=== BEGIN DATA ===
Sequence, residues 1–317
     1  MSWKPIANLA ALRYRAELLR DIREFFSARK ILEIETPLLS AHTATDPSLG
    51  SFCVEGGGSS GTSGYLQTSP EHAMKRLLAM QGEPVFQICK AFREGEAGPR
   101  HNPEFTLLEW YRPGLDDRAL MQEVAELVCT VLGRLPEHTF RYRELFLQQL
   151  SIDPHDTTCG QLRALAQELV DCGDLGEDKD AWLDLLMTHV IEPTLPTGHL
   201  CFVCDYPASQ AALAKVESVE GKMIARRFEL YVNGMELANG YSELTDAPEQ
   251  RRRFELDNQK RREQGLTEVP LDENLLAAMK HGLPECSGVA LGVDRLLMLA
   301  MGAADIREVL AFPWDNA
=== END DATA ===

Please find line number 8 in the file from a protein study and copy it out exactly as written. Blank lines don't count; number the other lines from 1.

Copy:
   301  MGAADIREVL AFPWDNA